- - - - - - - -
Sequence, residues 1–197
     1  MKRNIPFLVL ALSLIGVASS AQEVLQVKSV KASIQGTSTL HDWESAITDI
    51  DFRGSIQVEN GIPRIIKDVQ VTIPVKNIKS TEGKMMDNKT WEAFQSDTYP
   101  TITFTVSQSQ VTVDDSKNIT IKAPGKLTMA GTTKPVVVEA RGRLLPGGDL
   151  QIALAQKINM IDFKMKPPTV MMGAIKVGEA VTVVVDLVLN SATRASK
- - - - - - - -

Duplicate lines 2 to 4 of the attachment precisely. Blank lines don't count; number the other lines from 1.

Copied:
     1  MKRNIPFLVL ALSLIGVASS AQEVLQVKSV KASIQGTSTL HDWESAITDI
    51  DFRGSIQVEN GIPRIIKDVQ VTIPVKNIKS TEGKMMDNKT WEAFQSDTYP
   101  TITFTVSQSQ VTVDDSKNIT IKAPGKLTMA GTTKPVVVEA RGRLLPGGDL